ANTIQUE CARS, COINS, ANTIQUES, COLLECTIBLES, VEHICLES, SCOOTER, ELECT. GOLF CART, HOUSEHOLD, YARD, TOOL, CAR PARTS & MISC. OWNERS: D & E BEARD, R & L. BYERS, S. JONES, L. RICHARDSON, C. GILMAN, L. SCHABACKER, P. WALLEM, M. PUSHECK, J. THRUN, L. SCHABACKER, L. BIERMAN & THE ESTATES OF ORVAL JACKSON & S. WOLFE Terms: Cash or checks w/proper I.D. Visa, Mastercard & Discover accepted. 9% Buyers Premium w/ 4% discount for cash or check. No property to be removed until settled for. All items sold “AS IS”. Number system will be used. Must have driver’s license for registration. Not responsible for accidents or items after purchase. Announcements day of sale prevail over written material.

Terms: Cash, check or MC/Visa with proper ID. A 13% Buyers Premium will be charged. A 3% discount for those paying by cash or check. Not responsible for accidents or items after they are sold. Announcements day of auction supersede all printed material.

DeBolt Auction Service, Inc. Since 1987

WWII Veteran wants chair lift for 14 risers. 815-455-2083

Safety Net for Trampoline

SEE WEBSITE FOR COMPLETE LISTING!! Antiques, Collectibles, Glassware, Sports Memorabilia, Gaming Machines, Tables & Supplies, Antique Toys, Thousands of Sports Cards, Beer Memorabilia, Duck Decoys, Pool Table, Wooden Planes, 1980 Yamaha XK550R motorcycle, Coke refrigerator, Wooden Homing Pegion Clock, (2) 25 Cent Slot Machines, Snow babies, Collector cars & trucks, Graniteware, Fenton, Kentucky Derby & much more!

Dirt Bike/ATV Helmet. Youth Med. Blue/Black. Good cond. $25 CASH Crystal Lk. 815-477-3775

NBA Orlando MAGIC Mens Starter 1/2 Zip Pullover Winter Jacket, Mens XL, Black & Blue. See picture at online ad. $35 obo. Call or text 815-404-3141

Trees (2)

BELT SANDER

CRAFTSMAN 10" MITER SAW w/Carbide Blade, Material Supports. Runs Great. $90 OBO. 815-385-2987

Black, wrought iron, 1/2”x44, twisted & basket with colonial shoes, $250/all. 815-315-3047

18”, variable speeds, wood, like new! Many blades, $95/obo. 708-363-2004

Model Railroad Reference Book Walthers HO, Original decals included. Good Condition $7. 815-334-1435

DESK - 52" x 24" Steel Desk w/ small left side return, Includes: chair & lamp. Great shape, $95. Sycamore. 815 762-0382

Scroll Saw: 16” Craftsman, mounted on 30” bench, $50 847-848-0285

SCROLL SAW

Goats: 2 male pigmy goats $50/each 815-719-1503

Craftsman 6”x48” on metal stand, 9” disk sander on side. $150, very good condition! 708-363-2004

30” arched top, pre-hung, right hand, $30. 815-355-0599

Selling Small, Big Tools and Supplies. Call Wayne 815-790-3442 Router Crafter- Craftsman. Able to make straight or tapered parts w/ beads, coves & flutes - both around & lengthwise of the part. Router NOT included. $100 815 678 4531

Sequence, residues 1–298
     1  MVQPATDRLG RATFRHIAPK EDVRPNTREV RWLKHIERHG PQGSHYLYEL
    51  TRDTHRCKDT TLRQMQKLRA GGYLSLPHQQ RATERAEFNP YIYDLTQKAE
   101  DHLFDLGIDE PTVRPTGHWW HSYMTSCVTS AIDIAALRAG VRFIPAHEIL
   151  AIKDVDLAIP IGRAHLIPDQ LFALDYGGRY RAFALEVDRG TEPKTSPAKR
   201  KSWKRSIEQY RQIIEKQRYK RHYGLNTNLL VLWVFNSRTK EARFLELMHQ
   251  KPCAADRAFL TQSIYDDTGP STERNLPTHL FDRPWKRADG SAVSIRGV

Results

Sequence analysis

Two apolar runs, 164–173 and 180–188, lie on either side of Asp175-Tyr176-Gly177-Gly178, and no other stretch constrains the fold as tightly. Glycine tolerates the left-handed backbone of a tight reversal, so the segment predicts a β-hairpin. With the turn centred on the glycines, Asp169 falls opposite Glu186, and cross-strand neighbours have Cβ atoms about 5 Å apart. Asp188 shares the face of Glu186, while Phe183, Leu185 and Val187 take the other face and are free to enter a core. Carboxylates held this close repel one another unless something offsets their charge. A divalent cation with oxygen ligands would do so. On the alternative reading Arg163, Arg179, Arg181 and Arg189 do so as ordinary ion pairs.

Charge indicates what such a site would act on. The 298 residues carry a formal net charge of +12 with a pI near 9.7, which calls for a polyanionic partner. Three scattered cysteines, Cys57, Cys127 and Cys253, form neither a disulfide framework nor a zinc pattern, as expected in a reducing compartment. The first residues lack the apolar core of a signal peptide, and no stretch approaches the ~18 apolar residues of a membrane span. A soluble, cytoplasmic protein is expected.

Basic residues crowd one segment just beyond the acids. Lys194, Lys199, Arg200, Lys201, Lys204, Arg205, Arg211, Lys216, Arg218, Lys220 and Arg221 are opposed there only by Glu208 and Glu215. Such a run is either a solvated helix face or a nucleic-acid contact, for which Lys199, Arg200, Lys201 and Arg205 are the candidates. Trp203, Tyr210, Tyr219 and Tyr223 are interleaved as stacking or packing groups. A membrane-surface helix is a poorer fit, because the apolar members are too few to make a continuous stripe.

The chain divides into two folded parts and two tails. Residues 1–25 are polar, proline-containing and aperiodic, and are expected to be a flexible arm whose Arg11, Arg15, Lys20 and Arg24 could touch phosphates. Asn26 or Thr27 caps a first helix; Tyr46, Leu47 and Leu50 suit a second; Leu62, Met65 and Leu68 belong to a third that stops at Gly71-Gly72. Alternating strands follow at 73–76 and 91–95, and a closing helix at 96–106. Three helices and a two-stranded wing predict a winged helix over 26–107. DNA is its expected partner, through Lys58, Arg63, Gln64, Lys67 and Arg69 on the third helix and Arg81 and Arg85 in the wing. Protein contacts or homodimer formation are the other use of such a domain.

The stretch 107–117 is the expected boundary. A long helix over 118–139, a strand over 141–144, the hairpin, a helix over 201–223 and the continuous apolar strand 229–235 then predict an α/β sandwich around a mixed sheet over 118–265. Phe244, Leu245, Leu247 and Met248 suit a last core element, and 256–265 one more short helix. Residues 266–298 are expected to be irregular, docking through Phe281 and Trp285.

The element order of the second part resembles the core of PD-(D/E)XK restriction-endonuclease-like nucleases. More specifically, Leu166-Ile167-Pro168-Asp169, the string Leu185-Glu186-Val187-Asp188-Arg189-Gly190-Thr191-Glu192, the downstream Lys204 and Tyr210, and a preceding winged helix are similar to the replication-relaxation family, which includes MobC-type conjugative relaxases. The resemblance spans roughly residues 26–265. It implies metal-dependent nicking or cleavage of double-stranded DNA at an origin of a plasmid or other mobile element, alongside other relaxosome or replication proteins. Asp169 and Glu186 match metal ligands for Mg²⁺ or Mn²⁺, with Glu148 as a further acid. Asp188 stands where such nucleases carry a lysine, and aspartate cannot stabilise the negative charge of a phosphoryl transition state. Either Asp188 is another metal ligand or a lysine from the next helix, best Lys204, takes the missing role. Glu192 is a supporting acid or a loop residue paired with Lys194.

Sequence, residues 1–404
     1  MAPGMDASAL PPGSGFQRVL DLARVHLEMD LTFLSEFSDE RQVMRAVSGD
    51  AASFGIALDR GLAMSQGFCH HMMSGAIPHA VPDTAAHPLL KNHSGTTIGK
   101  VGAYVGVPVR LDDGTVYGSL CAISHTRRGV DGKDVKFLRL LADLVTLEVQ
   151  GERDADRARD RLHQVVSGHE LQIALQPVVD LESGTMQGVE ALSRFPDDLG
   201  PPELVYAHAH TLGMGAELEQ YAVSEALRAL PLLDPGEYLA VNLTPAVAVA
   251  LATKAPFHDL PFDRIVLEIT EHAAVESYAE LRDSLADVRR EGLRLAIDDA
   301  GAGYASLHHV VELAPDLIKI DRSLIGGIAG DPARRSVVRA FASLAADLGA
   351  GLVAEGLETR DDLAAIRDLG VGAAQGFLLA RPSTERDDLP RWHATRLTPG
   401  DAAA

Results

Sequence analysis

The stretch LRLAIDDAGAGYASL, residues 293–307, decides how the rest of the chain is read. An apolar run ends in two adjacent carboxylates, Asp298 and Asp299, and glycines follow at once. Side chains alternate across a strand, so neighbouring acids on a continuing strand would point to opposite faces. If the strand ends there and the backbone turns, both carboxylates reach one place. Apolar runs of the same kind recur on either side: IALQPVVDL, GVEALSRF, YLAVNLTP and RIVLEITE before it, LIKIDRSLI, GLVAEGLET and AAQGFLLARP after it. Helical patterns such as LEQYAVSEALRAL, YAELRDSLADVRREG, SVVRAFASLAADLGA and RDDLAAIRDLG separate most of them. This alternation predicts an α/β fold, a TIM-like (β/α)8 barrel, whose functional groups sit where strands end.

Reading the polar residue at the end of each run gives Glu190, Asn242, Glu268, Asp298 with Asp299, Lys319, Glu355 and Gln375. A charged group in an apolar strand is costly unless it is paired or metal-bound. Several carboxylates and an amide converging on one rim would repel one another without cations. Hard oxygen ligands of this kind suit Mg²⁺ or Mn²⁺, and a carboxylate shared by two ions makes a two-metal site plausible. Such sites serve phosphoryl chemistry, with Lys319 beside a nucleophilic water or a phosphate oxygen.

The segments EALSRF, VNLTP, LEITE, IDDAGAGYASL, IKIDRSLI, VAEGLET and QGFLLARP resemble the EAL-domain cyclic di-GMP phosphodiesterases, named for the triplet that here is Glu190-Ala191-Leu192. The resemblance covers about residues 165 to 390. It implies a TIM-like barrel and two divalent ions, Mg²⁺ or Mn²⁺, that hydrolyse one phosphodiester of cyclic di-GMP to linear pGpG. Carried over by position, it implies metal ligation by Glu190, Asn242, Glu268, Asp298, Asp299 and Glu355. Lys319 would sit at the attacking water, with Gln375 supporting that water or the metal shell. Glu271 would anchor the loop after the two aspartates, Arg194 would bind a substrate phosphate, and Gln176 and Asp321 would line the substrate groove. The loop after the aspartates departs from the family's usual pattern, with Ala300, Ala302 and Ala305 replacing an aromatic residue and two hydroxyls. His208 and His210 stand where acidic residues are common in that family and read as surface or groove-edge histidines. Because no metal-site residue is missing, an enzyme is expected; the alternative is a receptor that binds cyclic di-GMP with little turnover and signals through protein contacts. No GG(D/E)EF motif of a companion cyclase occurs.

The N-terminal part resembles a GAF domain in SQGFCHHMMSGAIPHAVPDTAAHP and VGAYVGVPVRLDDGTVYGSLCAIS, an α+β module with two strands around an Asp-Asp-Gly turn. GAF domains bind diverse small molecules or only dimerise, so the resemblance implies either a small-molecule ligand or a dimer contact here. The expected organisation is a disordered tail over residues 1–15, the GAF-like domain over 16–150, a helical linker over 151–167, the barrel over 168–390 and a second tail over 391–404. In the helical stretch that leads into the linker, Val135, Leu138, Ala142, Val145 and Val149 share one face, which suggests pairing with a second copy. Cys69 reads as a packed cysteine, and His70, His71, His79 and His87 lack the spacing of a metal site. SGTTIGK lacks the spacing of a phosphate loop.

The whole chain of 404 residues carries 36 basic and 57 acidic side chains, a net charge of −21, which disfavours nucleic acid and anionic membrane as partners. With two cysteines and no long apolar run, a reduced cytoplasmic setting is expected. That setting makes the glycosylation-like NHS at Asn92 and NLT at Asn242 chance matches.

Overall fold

DINNERWARE - 46 PIECES Set of Fairwinds, The Friendship of Salem, brown, exc cond, $350. 847-807-9156 FISH TANK 55 Gallon Fish Tank, 48 x 13 x 21, $55 obo. Call or text 815-404-3141

Couch & Loveseat Bassett Furniture, Tan, Good Condition & Very Comfortable $150 for set 847-508-5259

Insulating Blankets

Remodeling Business Closed

Wood Lathe ~ Craftsman

815-315-3047 Attic Fan w/thermostat. Not mushroom. $35. 815-459-4586 Barn Stall door size: 4'x7' build together. Hardware is included. Also wood for side wall is available for one side. Asking $275. Call: 815-546-3193

Little Giant Transfer Pump #5-MSP, 115 V, Excellent Condition. $50 OBO - Moving Sycamore. 815-762-0382

Northwest Herald / NWHerald.com

AFTER 20 YRS EVERY LITTLE DETAIL AUTO REPAIR & BODY SHOP IS CLOSING ITS DOORS. WE WILL BE SELLING ALL OF THE INVENTORY & EQUPIMENT AND VECHILES. INCLUDING BLUE POINT PLASMA CUTTER; LARGE BEL AIR COMPRESSOR & DRYER; SNAP ON AIR COMPRESSOR; WILD CAT FRAME STRAIGHTER; SAND BLASTER; MIG WELDER; METAL WORK BENCHES; BLUE POINT BREAK BLEEDER; 3- 2 POSTS CAR & TRUCK LIFTS; HOT WATER POWER WASHER; DRILL PRESS; TORCH SETS; WOOD LATHE; 300,000 BTU DAYTON HEATER; AIR POWER CHERRY PICKER; BREAK LATHE; 20 TON PRESS; COAT 5060E TIRE CHANGER; COAT 1050 WHEEL BALANCER; PPG SYSTEM (COMPUTERIZE PAINT BLENDING SYSTEM); TRANSMISSION FLUSHING MACHINE; COOLANT FLUSHING MACHINE; COOL TECH 700 AIR COND MACHINE; WILTON VISE; JACK STANDS; 2- TRANSMISSION JACKS; PARTS CLEANER; DRANICK STRUTS COMPRESSOR; CENTRAL MECHINERY PRESS; LG SHOP FAN; SNAP ON TOOL BOX; FLOOR JACKS; BENCH GRINDER; PARTS TUMBLER; NEW OIL CADDY; BELT & DISK SANDER; AUTOMATIC ELECTRIC PIPE BENDER: HOT WATER PRESSURE WASHER; CHAINS; LOTS OF SAND PAPER; SHOP CARTS; HUGE AMOUNT OF PARTS; MOTOR PARTS; BODY PARTS; INCLUDING FENDERS; DOORS; HOODS; TRUNKS; FRAME PARTS; COMPLETE MOTORS; TRANSMISSIONS; 3-4 WAGONS FULL OF PARTS AND MISC. WIRING HARNESS; LIGHTS;TRIM; RUNNING BOARDS; FIBERGLASS LADDERS; SPECIALITY ITEMS: LARGE AMOUNT OF NEW CONTAINERS OF PAINT; SMALL TOOLS; HAND & POWER TOOLS; OFFICE EQUIPMENT; LIKE NEW SECURTIY SYSTEM PLUS A LOT MORE. VECHILES: 1938 PLYMOUTH 2 DOOR SEDAN; 1981 CAMERO Z28 RACER W/ RACING ENGINE; 2001 GRAND PRIX GTP W/ 84,000 MILES; 2000 GRAND AM GT PONTIAC; 2001 BONNEVILLE; 1995 CHEVY SILVERADO 4X4 W/PLOW; 90 BLAZER; 99 MITSUBISHI ECLIPSE; 99 DAKOTA BLAZER BRONCO; 95 DODGE RAM; SUBURBAN; 91 F250 LARIAT DIESEL; TATEM AXLE CAR HAUL TRAILER; 30 FT AL TRUCK BOX; 98 LG IH BOX TRUCK; CASE TRACTOR W/ LOADER. AUCTIONEERS NOTE: THIS IS ONLY A PARTIAL LISTING TO MANY ITEMS TO MENTION; SOMETHING FOR EVERY COMMERICAL SHOP TO COLLECTOR’S TO BACKYARD MECHANICS.

OWNER: EVERY LITTLE DETAIL TERMS: CASH; CHECKS W/ PROPER ID; VISA; MC; 5 % BUYER’S PREMIUM; ALL ANNOUNCEMENTS DAY OF SALE TAKES PRECEDENCE OVER ANY/ALL PRINTED MATERIAL. NOT RESPONSIBLE FOR ACCIDENTS OR LOSS OF ITEMS.

Belvidere, IL 61008 815-988-0249 cell AUCTIONEER: LYLE LEE State License #040.000200 & Roger Mackeben # 441.0001360 CLERKS & CASHIERS: LEE AUCTION SERVICE Visit our web site at www.leeauctionservice.com

GOAD AUCTION SERVICE WWW.GOADAUCTION.NET

AUCTIONEERS: ROBERT O. GOAD IL LIC 440.000586 815-765-2299 OR 815-739-6454 JOHN EDWARDS IL LIC 440.000751